novelty potted plant.

Timing on the Dynasty series is similar to other PanAmerican
dianthus but can be up to one week later in warmer climates. Lightly scented
flowers appear 6-8 weeks after transplant in jumbo packs, and depending on
final usage, this series is suitable for production in everything from jumbo
packs to 1-gallon containers. Temperature requirements are 60-72º F days
and low 50s to 60º F nights, depending on stage.


We all know gerberas are a popular flower for both bedding
and cut flower production. So any alteration made to a gerbera could be a
money-maker. The Jaguar Junior series from S&G Flowers offers that
differentiation with its small leaves and short petioles. Perfect for 31/2- to
4-inch pots, each Jaguar Junior plant produces 4-8 11/2- to 21/2-inch flowers.
Seven colors have been introduced: Orange, Red, Salmon Shades, White, Yellow,
Dark Center Mix and Formula Mix.

The faster crop time (85-90 days to first flower) than
regular-size gerberas make this an ideal product for mass merchant sales.
Jaguar varieties will work either by themselves or in combinations.


Royal is a new gerbera series that is bred by Global Flowers
and is being marketed in the United States. by The Flower Fields. The series is
very early flowering and produces many flowers while maintaining a good flower

The plants are medium sized with a nice dark green foliage
and a habit that allows for the development of many buds. This new series has large
colorful flowers that come in nine colors as well as a mixture including:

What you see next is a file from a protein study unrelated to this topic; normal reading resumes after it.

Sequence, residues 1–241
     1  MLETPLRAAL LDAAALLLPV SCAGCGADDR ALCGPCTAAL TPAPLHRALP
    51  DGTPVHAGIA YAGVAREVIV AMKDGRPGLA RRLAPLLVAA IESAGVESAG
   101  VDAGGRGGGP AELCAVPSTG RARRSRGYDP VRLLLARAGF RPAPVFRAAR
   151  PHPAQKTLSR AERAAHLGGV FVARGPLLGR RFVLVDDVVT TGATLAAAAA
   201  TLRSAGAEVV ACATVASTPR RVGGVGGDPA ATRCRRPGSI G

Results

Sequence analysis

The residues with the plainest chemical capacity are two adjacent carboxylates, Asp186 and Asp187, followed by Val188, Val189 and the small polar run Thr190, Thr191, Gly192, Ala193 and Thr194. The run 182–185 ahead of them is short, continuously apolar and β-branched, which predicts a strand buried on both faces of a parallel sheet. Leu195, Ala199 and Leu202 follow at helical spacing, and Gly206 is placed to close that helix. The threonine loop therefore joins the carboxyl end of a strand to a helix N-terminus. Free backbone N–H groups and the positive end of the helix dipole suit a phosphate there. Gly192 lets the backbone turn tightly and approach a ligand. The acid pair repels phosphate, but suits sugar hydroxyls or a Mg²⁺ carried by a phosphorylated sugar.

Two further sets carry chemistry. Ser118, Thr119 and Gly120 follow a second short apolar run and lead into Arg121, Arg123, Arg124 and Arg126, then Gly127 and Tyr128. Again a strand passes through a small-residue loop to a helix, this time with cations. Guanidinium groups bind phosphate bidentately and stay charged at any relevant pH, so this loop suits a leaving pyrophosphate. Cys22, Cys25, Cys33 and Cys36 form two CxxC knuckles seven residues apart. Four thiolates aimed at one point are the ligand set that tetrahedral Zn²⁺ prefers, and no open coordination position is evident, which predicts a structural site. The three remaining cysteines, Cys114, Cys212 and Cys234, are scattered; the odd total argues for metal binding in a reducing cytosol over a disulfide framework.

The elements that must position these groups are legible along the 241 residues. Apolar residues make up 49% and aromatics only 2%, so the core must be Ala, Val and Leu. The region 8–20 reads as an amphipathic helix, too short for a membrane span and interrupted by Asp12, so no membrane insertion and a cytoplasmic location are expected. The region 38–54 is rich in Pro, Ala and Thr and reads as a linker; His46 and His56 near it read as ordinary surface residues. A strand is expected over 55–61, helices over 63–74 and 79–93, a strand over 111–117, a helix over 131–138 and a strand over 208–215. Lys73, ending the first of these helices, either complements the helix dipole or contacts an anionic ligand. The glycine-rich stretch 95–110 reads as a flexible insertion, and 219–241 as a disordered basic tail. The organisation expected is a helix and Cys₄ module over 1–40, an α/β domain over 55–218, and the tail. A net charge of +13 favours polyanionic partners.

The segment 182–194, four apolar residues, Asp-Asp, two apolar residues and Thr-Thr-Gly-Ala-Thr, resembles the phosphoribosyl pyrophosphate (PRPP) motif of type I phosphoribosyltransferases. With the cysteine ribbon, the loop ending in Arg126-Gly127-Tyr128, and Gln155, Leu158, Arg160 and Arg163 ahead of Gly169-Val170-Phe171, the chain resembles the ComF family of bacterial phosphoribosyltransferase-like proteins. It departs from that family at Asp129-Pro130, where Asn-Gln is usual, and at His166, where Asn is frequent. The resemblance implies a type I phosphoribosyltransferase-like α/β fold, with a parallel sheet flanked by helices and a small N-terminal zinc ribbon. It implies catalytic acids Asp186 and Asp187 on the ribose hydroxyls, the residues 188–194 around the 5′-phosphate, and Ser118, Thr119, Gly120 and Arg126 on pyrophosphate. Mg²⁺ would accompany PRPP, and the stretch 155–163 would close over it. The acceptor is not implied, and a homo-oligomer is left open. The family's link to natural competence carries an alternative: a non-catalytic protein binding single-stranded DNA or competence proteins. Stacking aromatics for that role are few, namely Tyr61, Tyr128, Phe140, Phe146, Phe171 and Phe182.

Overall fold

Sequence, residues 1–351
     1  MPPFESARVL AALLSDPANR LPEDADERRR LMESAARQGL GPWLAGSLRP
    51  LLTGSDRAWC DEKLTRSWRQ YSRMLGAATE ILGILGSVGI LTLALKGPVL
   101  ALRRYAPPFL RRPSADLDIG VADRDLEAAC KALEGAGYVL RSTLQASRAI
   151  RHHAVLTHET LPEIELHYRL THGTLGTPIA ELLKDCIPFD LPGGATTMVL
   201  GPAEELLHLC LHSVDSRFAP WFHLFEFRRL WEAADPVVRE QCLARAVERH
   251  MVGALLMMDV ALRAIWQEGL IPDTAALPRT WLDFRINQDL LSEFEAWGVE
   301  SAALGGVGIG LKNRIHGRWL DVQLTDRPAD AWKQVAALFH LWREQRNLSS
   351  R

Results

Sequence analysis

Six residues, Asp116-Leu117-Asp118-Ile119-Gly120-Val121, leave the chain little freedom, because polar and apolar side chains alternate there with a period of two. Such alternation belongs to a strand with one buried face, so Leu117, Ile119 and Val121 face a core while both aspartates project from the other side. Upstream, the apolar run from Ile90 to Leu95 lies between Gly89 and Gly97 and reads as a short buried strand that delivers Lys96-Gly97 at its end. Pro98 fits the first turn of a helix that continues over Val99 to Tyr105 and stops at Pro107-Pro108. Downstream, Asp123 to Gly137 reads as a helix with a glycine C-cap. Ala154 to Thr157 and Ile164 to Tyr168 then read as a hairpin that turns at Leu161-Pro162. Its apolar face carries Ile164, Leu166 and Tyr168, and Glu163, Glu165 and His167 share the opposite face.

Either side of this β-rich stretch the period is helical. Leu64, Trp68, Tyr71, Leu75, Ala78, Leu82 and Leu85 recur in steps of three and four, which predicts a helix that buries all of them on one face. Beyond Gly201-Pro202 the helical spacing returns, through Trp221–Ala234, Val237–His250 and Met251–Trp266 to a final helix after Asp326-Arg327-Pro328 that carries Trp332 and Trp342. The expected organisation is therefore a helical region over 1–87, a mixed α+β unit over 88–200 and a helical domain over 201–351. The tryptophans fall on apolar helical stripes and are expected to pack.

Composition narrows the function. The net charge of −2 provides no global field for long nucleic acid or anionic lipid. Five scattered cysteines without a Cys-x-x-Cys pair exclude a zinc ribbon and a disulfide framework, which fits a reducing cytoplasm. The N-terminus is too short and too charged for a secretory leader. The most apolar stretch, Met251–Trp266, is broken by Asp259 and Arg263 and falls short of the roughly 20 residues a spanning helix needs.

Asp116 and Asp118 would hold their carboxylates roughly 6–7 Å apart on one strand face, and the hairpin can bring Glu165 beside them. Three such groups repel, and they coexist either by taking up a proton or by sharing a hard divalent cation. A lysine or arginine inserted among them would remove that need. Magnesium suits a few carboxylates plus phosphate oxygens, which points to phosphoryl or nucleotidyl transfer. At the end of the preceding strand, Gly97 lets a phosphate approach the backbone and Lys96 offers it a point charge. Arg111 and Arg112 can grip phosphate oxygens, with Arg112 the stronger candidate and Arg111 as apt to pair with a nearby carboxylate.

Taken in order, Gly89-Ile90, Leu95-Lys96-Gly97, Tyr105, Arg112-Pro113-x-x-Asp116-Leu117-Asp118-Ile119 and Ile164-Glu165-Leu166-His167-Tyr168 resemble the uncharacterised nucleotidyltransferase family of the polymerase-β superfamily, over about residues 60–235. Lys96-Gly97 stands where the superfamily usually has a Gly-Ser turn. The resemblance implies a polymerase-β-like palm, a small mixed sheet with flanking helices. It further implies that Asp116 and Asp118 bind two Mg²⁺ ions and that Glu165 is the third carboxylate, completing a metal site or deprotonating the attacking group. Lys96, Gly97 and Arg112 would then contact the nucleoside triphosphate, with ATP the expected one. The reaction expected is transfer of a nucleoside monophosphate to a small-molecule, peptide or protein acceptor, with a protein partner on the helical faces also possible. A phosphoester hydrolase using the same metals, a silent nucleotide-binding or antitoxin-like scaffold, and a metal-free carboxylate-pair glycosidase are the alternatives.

White, Deep Rose, Salmon Rose, Scarlet, Yellow, Golden Yellow, Light Orange,
Golden-Orange-Scarlet Shades, and White and Soft Pink Shades.

Royal is very uniform and works best in 4- to 6-inch pots.
When finishing in a larger container, skip the growth regulators and increase
fertility. The pH levels for this series are very important, gerberas favor a
lower pH (5.0-5.5) to prevent iron and manganese deficiency. Temperatures should
be maintained at 64-72° F because night temperatures that drop below
60° F will delay the plants. Additional lighting can be very beneficial to
gerberas in the beginning, but during spring and summer natural lighting will
be fine.


‘Gypsy Deep Rose’ blooms with rose colored, semi-double to
fully double flowers. This new variety from Dæhnfeldt has a mounding
habit that almost looks like a ball. The finely textured foliage and small
double flower work well as a border, in hanging baskets and 4-inch containers.
It is also an AAS winner.

Gypsy needs slightly fertilized peat with a pH of 5.5-6.0
for sowing and a pH of 5.5-6.5 for growing on. It should be sown directly into
packs or plug trays with 10-20 seeds or 1-2 multipellets per hole. The seeds
need light to germinate and have a germination time of four days. After
germination, lower growing temperatures to 58-60° F. Gypsy Deep Rose shows
visible buds 8-9 weeks after sowing and are ready for spring sales at 12-14
weeks after sowing. The first flowers of the plant may come out as single
flowers, but as light levels increase, the fully double flowers will appear.


Finally, a seed hibiscus with good garden performance and
exceptional branching. Because it
does not need pinching to create a big, bushy plant, Pan American Seed’s new
Luna series is a low cost, high-impact crop that works equally well for annual,
perennial and nursery growers. Boasting 6- to 8-inch flowers, this series is a
great late season crop.

Both colors in the Luna series, Blush and Red, prefer warm